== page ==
Rumor Redux: Nokia expressing interest in Palm | webOS Nation

Rumor Redux: Nokia expressing interest in Palm

by Derek Kessler Fri, 13 Nov 2009 6:03 pm EST

Nokia N97 (with webOS)

Wall Street is at it again, with the rumor again circulating that Finnish smartphone maker Nokia is interested in buying Palm. The news, as well as Sunday’s impending launch of the Palm Pixi, drove up shares of PALM $0.95 (8.30%) in the day’s trading, closing at $12.40. The jump ended a less than stellar week, with Palm stock up 9.54% from Monday. During the same one-week period the NASDAQ technology exchange was up 2.62%.

Analysts have been generally positive on the Pixi and believe that it will sell well like the Centro before it. Unlike the $150-$200 range in which the Pre competes; there are few true contenders in the $100 bracket in which the Pixi will launch.

As some analysts have pointed out, it would make little sense for Nokia to be looking at Palm. Nokia just launched their flagship N900 handset with the brand new Maemo operating system. Maemo has been a rather significant investment for Nokia and is expected to power more and more of their smartphones over the stalwart Symbian OS.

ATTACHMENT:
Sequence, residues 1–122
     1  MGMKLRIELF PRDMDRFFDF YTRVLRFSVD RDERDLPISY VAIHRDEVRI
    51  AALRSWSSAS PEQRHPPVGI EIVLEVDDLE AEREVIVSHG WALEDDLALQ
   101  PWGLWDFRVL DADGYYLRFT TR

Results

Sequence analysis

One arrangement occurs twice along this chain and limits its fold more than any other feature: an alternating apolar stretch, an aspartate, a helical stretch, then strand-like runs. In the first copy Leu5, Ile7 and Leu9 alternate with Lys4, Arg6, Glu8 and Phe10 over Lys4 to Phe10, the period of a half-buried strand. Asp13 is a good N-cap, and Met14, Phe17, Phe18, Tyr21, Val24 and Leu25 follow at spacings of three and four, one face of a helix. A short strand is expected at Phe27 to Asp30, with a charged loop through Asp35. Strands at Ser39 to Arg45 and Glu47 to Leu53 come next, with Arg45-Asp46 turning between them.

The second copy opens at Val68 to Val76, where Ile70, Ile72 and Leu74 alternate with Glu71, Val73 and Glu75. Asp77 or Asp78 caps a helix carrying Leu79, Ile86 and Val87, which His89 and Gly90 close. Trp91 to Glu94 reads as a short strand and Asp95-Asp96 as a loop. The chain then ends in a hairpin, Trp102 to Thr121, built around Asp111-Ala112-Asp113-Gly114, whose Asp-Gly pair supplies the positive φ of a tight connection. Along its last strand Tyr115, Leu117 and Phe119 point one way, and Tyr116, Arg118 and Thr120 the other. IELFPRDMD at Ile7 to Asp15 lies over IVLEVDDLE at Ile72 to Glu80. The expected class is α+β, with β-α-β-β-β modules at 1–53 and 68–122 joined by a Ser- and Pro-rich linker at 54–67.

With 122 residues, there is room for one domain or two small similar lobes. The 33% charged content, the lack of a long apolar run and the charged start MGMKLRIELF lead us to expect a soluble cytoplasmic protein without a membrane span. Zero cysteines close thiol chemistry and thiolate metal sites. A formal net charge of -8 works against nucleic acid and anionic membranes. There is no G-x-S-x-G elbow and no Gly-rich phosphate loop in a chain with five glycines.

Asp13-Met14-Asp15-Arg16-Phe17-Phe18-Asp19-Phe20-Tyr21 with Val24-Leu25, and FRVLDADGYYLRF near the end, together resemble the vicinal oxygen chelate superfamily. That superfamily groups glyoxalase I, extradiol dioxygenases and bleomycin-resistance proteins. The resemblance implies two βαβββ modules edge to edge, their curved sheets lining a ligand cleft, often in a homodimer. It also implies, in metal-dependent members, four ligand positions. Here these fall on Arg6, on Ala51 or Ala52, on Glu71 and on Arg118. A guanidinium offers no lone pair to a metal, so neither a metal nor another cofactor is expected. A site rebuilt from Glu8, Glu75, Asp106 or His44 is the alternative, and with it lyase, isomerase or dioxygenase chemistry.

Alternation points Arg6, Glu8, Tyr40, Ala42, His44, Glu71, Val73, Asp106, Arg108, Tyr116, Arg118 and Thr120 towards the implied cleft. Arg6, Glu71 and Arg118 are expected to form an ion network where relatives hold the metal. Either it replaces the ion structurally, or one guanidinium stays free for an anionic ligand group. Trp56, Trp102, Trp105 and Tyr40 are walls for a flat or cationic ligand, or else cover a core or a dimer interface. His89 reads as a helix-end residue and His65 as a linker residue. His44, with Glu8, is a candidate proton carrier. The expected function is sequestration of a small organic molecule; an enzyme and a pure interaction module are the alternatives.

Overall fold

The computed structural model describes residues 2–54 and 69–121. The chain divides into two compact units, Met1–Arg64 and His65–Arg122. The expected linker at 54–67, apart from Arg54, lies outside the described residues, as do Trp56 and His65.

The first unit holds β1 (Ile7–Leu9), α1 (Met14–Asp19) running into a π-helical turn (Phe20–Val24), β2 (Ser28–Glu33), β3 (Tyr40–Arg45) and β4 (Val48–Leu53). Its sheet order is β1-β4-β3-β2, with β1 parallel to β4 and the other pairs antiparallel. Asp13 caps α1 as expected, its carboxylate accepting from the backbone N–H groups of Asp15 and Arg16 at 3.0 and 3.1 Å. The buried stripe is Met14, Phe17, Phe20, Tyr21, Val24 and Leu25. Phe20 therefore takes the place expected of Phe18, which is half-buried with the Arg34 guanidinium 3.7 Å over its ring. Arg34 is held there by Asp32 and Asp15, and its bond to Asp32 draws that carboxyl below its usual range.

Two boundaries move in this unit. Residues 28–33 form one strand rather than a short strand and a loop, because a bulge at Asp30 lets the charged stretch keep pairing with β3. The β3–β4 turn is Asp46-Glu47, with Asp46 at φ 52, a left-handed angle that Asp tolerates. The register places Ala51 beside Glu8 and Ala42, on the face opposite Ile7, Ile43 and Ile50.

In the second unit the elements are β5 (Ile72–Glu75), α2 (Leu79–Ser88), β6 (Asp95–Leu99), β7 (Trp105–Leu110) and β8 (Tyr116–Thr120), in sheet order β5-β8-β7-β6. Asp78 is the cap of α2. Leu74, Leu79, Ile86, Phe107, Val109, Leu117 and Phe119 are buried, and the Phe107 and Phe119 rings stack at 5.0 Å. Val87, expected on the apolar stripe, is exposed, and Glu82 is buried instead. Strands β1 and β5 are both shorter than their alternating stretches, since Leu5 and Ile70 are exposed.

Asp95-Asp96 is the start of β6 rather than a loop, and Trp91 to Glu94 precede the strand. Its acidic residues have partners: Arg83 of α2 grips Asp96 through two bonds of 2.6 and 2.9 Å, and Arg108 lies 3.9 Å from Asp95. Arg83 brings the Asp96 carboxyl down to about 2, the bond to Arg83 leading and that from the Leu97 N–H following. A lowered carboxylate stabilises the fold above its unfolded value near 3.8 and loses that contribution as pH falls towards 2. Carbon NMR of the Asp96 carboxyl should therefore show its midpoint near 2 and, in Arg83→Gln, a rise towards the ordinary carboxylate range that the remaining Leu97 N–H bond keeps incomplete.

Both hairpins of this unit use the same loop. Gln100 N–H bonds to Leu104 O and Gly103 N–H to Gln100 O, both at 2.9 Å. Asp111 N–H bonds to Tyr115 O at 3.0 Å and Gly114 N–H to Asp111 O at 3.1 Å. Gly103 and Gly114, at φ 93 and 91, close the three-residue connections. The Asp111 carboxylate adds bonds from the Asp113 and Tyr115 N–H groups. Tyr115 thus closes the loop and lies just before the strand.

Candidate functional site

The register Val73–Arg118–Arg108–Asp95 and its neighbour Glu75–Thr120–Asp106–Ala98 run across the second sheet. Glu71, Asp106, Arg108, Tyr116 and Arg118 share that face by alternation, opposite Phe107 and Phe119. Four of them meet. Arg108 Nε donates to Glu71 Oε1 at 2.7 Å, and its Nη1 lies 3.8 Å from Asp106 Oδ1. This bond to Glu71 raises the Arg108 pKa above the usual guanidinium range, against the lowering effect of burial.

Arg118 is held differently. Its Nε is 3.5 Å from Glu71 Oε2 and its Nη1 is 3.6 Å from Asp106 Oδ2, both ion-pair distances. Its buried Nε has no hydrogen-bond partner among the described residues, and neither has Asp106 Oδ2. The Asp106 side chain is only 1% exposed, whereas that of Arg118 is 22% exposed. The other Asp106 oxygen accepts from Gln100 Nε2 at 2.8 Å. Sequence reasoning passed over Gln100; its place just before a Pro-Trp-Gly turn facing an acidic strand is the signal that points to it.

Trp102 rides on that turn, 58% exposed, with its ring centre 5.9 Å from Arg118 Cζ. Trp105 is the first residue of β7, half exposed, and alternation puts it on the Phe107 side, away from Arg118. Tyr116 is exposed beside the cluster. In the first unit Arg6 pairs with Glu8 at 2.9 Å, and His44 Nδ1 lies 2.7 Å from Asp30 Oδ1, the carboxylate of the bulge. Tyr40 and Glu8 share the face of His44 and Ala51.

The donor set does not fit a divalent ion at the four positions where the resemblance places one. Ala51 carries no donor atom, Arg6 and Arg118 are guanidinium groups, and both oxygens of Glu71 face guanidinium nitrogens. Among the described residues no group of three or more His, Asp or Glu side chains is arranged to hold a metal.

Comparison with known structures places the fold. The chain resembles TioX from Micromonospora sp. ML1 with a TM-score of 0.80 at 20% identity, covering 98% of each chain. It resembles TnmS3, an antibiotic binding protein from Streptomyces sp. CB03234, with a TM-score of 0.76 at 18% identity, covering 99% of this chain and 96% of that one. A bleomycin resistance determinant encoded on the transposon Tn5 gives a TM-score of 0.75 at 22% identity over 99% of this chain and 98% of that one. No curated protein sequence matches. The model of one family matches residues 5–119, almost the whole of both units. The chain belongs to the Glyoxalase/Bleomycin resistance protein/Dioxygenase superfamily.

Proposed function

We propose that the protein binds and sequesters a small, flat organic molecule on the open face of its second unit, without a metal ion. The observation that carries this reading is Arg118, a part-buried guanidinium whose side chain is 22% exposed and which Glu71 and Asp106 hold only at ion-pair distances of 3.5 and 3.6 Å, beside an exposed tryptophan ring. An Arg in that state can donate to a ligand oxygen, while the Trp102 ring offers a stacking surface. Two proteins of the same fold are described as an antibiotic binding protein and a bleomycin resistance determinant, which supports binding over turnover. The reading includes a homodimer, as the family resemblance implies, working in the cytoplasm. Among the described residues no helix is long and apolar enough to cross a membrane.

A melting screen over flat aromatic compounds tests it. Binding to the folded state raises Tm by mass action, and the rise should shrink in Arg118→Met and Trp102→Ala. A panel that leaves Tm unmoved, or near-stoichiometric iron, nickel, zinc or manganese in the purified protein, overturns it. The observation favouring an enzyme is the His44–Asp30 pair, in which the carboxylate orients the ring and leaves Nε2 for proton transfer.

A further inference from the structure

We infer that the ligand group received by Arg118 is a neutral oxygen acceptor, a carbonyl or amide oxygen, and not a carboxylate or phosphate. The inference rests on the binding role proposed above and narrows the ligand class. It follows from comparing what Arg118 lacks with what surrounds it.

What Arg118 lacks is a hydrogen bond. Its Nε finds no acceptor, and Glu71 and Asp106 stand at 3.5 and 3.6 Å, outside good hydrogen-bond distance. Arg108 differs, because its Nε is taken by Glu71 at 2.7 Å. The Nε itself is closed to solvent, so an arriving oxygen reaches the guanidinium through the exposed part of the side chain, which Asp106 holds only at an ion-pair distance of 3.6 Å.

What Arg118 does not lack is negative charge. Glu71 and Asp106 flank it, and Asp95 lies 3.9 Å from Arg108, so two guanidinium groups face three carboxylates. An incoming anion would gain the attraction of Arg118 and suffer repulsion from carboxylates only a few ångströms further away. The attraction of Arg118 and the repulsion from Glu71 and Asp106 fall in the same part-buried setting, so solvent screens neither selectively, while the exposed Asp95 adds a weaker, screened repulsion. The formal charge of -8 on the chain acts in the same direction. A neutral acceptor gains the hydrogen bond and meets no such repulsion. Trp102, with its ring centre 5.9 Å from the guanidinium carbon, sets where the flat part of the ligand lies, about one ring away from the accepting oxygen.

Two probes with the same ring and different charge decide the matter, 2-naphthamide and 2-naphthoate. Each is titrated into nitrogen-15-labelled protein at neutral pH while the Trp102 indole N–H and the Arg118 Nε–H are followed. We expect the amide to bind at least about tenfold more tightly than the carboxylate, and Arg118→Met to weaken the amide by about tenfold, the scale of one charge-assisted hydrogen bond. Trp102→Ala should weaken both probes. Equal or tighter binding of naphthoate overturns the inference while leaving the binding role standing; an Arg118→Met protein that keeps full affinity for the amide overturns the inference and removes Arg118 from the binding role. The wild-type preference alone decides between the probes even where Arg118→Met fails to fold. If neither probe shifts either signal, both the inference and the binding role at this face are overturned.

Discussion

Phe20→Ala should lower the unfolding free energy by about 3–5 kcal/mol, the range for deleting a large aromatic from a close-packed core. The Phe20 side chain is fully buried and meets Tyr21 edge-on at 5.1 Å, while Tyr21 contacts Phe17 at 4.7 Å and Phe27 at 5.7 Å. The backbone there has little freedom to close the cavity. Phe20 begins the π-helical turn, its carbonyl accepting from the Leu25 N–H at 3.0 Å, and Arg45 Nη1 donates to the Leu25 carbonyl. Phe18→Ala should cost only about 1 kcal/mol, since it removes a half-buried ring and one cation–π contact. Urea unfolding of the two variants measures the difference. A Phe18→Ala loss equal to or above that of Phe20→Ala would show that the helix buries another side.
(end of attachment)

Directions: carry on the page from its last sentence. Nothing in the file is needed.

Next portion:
Additionally, while Nokia has not done well in the United States, and are loosing marketshare overseas, globally Nokia is still the dominant smartphone maker, easily overshadowing Apple and Research in Motion in terms of sheer volume. While getting a better foothold in the USA is a goal of Nokia’s, to do so by purchasing Palm would be a multi-billion dollar venture.

With 142 million shares on the stock market and another 1/3 of the company owned by Elevation Partners, at today’s 12.40 closing price purchasing Palm would easily cost at least $2.7 billion. Factor in future earning valuations and a takeover bid could easily balloon to close to $4 billion. While Nokia has that kind of money (last summer they sunk $8.1 billion into buying Navteq), Palm would require further significant investments in marketing and development and it would take several years before Nokia would see any profits from the acquisition.

Is Palm for sale? Probably not, but as with any company if somebody were to make an offer there’s a price where Palm’s board would have no choice but to say yes (lest they face the wrath of angry shareholders). Based off of most analyst predictions and price targets, the purchase price of Palm is going to keep going up, so if somebody were to buy Palm, the time to do so would be now.

Thanks to spectre686 for the tip!